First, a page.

Ah... I see what you mean now.

That email is taken out of context of this thread.

DFW is a stand-alone program. No modifications needed.
 
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Geoff Neupert

Level 7 Valued Member
Beast Tamer
Not being a reddit person, I can't speak to what others have done, but my advice would be to follow @Geoff's advice as given in the original program.

-S-
Exactly.

Everyone wants to "modify" a program without testing it as it is written.

As I have said repeatedly over the last 20+ years: If you do anything other than "The Program" - any program - as written - it is no longer "The Program." And that disqualifies you from commenting on or evaluating it. Why?

Simple: Because you did not do "The Program." You did "your version" of "The Program."
 

sizzlefuzz

Level 6 Valued Member
@Geoff Neupert @Steve Freides

I understand what both of you are saying, I was just trying to put myself in the mindset of a person who might ask the question about modifying DFW based on a reference to a recent email that referenced adding more swings, so someone might think that pushing "the gas" on a program, like DFW, might do.
 

John Grahill

Level 7 Valued Member
@vpiguy88 I have run DFW a few times, and currently working through The Giant series. I have found that both of these programs hit the posterior chain and back very well, the clean does a great job of this, combined with the press it is a great combo. For me, and my personal needs, running these programs as designed is all that I need to gain and maintain my progress. As an example, I do not train pull ups, ever, but I can still easily knock out a set of 10 or more strict pull ups whenever I want, multiple sets at lower rep ranges.
@Bunn I'm with you on this. When I ran Strong in 2015, I actually increased my pull ups......just follow the programs as written and you'll be fine.

The problem with the internet is that one can research any subject and see a multitude of training methods. With this comes a multitude of opinions. There's always going to be somebody who doesn't agree with the method you're using. Confusion is the result.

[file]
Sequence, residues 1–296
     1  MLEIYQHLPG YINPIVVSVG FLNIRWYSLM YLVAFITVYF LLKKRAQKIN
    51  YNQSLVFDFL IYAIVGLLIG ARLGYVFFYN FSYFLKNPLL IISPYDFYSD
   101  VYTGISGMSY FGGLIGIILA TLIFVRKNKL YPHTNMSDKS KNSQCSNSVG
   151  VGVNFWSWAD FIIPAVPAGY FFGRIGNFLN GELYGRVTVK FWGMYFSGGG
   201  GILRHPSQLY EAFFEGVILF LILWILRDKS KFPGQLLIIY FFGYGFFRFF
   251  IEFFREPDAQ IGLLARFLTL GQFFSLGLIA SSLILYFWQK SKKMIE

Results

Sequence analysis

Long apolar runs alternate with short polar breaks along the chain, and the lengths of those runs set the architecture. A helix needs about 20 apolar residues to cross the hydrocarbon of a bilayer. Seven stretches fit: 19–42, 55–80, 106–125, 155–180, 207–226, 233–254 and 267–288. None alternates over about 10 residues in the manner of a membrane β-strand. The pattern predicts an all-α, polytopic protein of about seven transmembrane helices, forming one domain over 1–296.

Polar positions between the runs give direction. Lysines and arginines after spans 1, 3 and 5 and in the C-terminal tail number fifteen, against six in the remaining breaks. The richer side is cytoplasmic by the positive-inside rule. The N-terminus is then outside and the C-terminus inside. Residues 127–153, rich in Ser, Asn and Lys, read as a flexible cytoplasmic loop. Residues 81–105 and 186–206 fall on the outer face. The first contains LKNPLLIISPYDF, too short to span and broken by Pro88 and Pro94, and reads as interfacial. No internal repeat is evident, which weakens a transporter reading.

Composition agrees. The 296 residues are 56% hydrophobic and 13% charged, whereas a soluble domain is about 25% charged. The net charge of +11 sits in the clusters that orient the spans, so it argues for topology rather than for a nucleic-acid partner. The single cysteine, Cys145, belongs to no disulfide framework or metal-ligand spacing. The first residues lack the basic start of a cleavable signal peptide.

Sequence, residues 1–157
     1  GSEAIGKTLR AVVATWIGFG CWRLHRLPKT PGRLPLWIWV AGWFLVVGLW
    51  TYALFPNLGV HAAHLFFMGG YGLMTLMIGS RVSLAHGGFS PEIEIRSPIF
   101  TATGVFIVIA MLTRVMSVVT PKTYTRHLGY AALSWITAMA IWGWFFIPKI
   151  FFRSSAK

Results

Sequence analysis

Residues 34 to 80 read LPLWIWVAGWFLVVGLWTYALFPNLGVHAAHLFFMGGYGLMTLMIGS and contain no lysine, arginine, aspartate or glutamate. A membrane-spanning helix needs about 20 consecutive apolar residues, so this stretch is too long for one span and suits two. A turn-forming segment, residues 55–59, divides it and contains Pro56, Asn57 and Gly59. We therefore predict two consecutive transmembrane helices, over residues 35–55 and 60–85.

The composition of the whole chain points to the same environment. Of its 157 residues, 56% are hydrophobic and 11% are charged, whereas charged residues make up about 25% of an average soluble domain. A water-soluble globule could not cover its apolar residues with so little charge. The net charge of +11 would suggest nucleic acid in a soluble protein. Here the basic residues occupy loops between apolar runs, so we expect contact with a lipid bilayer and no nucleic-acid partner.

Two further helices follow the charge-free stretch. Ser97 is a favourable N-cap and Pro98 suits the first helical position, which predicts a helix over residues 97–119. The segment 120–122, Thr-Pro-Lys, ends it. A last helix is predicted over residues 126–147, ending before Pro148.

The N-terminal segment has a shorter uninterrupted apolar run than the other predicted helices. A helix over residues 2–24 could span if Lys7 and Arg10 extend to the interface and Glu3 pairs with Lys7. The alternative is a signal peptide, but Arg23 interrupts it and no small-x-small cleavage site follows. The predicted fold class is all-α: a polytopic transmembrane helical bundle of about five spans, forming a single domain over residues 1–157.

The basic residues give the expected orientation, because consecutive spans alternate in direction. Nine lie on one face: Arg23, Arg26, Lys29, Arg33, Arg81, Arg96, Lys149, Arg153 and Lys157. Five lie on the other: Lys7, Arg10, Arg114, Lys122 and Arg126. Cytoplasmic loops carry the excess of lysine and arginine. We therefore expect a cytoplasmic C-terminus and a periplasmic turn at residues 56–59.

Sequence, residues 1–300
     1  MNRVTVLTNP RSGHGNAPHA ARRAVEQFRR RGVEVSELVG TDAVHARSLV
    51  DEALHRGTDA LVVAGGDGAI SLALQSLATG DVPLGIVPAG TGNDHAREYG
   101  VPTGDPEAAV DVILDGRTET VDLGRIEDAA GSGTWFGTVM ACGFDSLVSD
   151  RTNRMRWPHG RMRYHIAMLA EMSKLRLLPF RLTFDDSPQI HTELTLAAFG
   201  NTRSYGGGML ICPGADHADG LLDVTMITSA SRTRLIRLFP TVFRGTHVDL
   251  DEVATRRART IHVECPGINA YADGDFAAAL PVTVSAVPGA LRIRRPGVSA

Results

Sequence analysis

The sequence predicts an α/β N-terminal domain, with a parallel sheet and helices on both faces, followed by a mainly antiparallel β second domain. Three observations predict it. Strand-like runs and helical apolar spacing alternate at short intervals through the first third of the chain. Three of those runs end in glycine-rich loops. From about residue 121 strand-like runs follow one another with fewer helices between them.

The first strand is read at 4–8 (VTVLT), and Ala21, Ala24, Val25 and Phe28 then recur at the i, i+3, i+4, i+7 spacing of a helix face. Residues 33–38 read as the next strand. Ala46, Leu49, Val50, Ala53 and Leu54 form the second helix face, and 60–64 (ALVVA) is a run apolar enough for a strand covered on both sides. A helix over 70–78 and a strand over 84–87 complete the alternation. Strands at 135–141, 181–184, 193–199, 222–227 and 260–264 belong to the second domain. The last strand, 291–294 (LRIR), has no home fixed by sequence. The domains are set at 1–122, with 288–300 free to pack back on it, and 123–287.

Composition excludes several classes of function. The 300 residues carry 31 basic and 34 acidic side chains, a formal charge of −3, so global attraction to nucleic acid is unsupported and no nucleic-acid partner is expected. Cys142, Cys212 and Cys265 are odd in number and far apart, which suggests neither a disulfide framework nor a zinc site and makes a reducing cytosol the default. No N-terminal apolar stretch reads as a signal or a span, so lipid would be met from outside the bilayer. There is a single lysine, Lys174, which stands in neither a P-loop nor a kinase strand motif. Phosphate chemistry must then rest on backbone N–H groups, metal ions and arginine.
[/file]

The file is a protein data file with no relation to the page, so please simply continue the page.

vpiguy88

Level 2 Valued Member
I just finished my first DFW session two days ago and holy cow are my hamstrings sore. Points taken on posterior work, geez.
A few quick questions:
1) Is it normal to be this sore, or possibly indicative of bad form? These are my first cleans, but the form "felt" good.
2) WHY does it make me so sore? I've never had this happen in 18 months of S&S, even with roughly the same or heavier weight.
3) Reading this is billed as a fat loss program, would it be less optimal for muscle gain during a bulk than something like Rite of Passage or Fabio's Simple Strength?
 

Red_and_Black

Level 5 Valued Member
I just finished my first DFW session two days ago and holy cow are my hamstrings sore. Points taken on posterior work, geez.
A few quick questions:
1) Is it normal to be this sore, or possibly indicative of bad form? These are my first cleans, but the form "felt" good.
2) WHY does it make me so sore? I've never had this happen in 18 months of S&S, even with roughly the same or heavier weight.
3) Reading this is billed as a fat loss program, would it be less optimal for muscle gain during a bulk than something like Rite of Passage or Fabio's Simple Strength?

I've not been sore with any of my sessions. Are you using the right KB as suggested? How many reps of each C&P and FSQ were done in your first few sessions?
 

Steve W.

Level 8 Valued Member
I just finished my first DFW session two days ago and holy cow are my hamstrings sore. Points taken on posterior work, geez.
A few quick questions:
1) Is it normal to be this sore, or possibly indicative of bad form? These are my first cleans, but the form "felt" good.
2) WHY does it make me so sore? I've never had this happen in 18 months of S&S, even with roughly the same or heavier weight.